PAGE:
Another important aspect of jazz is hybridization, which has been central to its evolution over time. Pioneers of the genre showed remarkable skill in fusing opposing ideas and achieving balance and coordination, thereby allowing the genre to grow.

"Our approach to playing our instruments is more jazz than the music we play." says Raihan Majumdar, the drummer of Lettuce Experiment. "We just play the music and if it's good to the ear, good to the soul, we play it and jam. We improvise a lot of music, and as we improvise we explore various genres naturally, following wherever the groove leads us."

Lettuce Experiment maintain a jam band ethos. A group of dedicated musicians with an experimental mindset, they improvise extensively and boast a wide range of influences, from hip hop to electronica. Raihan listed artists as varied as Fela Kuti and Cream among 20 that he considers important to developing their style.

"We play a lot of funk and blues, sometimes mixed with rock and then play that in a jazzy manner. Regardless, we do dwell in a lot of music that is inspired by jazz. Most importantly we think that there is a lot of freedom in exploring our instruments through jazz," Raihan says.

This freedom makes jazz an expansive art form that can accommodate a variety of styles and ideas. Jazz from a hundred years ago is vastly different from that which is popular now. It has altered and transformed, branching out into many different sub genres and changing with the times. It is now wide enough to incorporate the dynamism of Big Band, the impressionism of Cool Jazz and the futurism of Acid Jazz.

"We think of jazz more like an approach than a genre. It's too broad a term and the sound of 'jazz' changes each decade. It's not about aiming for a specific sonic texture, but our approach might eventually lead to one," says Rahin Haider, saxophonist of The Seesaw Quartet.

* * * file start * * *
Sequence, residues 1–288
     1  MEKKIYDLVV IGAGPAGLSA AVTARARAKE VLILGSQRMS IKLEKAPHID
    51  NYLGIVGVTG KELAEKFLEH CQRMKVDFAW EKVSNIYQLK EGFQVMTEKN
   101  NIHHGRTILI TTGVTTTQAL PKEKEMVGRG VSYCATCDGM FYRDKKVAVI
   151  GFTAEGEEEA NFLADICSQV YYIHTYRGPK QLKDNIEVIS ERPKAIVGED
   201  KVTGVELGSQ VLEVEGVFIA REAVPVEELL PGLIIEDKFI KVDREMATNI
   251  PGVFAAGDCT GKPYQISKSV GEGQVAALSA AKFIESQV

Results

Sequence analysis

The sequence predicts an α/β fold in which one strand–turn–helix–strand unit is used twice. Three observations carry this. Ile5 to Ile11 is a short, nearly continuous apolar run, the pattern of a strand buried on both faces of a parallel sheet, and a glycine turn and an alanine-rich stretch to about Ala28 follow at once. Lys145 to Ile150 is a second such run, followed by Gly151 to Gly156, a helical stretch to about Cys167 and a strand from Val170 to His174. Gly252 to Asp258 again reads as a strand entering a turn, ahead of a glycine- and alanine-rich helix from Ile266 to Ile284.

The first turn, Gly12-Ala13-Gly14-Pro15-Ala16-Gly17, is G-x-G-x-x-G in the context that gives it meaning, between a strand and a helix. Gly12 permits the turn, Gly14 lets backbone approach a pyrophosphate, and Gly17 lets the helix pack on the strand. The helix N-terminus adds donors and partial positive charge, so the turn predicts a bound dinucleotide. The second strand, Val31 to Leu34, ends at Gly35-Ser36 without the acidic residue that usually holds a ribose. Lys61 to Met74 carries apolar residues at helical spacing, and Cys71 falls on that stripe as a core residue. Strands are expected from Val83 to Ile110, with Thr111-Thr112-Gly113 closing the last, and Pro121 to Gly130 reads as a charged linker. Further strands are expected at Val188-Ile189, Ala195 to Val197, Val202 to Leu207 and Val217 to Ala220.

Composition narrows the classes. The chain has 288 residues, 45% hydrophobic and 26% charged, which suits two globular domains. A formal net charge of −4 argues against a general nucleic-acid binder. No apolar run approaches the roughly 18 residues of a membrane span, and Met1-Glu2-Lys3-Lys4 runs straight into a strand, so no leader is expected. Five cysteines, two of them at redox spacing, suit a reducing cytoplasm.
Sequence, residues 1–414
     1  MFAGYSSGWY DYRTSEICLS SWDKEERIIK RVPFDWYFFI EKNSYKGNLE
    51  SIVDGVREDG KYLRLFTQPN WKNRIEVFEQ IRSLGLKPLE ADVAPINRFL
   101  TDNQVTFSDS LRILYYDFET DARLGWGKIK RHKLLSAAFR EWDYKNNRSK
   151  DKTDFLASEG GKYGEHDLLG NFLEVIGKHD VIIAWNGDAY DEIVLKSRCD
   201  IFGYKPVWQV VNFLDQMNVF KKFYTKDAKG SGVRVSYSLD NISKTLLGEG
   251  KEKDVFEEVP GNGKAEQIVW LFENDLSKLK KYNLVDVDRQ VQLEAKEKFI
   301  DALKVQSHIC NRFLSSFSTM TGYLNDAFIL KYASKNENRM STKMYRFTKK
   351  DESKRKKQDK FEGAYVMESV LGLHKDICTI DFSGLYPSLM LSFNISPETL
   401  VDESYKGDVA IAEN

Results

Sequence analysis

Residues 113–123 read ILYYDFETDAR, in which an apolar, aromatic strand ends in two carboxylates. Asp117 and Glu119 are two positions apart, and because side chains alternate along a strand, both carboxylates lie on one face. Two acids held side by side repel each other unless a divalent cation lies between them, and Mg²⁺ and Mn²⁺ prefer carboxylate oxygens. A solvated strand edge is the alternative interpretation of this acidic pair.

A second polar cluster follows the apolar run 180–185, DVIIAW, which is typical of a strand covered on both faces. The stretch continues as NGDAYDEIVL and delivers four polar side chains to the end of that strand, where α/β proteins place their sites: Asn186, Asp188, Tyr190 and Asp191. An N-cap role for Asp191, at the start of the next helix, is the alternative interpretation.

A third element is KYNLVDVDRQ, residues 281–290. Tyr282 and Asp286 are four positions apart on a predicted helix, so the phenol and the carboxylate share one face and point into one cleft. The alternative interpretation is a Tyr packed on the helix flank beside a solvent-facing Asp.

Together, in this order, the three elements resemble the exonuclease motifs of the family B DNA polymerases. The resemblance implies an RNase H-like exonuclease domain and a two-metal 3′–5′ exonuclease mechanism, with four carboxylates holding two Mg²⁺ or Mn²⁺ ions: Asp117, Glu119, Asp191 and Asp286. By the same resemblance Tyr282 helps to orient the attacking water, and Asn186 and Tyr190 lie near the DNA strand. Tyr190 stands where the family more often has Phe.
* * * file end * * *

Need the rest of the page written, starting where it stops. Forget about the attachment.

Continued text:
The Seesaw Quartet's music has a playful vitality. Their songs are carefully structured, with a riff introduced by one instrument eventually taken up and expanded by another in turn. It has the easy familiarity and teasing spirit of the banter among a group of longtime friends.

Though each band has a unique sound, all of them share a passion for musicianship. This, along with commonalities in taste, ambition and talent bring them together. And it is this comradery that has materialized into Dhaka's small jazz scene. Each musician, with the help of the other members of their ensemble, as well as the other members of the scene, are growing and expanding their repertoire.

"Dhaka's jazz scene is still in its infancy. But we have a feeling that there is a growing interest among both the listeners and the musicians towards this kind of music," says Rahin.

I have not heard Lettuce Experiment or The Seesaw Quartet perform live, but I have familiarized myself with their music and I know that they will not disappoint. Though the current audience for these bands is small, it has great room to grow. These bands release their music online and on social media. Any reader interested can find and explore the scene, as I did.

Living in a vibrant metropolis like Dhaka gives people the chance to see small peculiarities like this scene flower and come into their own. The melting pot of the city is much like the alchemy of jazz, which mixes tradition and originality, and sees different musicians and instruments coming together. I am excited to see these bands release more of their intriguing music, and to hear other takes on this up-and-coming variety of jazz.

The writer is an aspiring music critic and a jazz aficionado.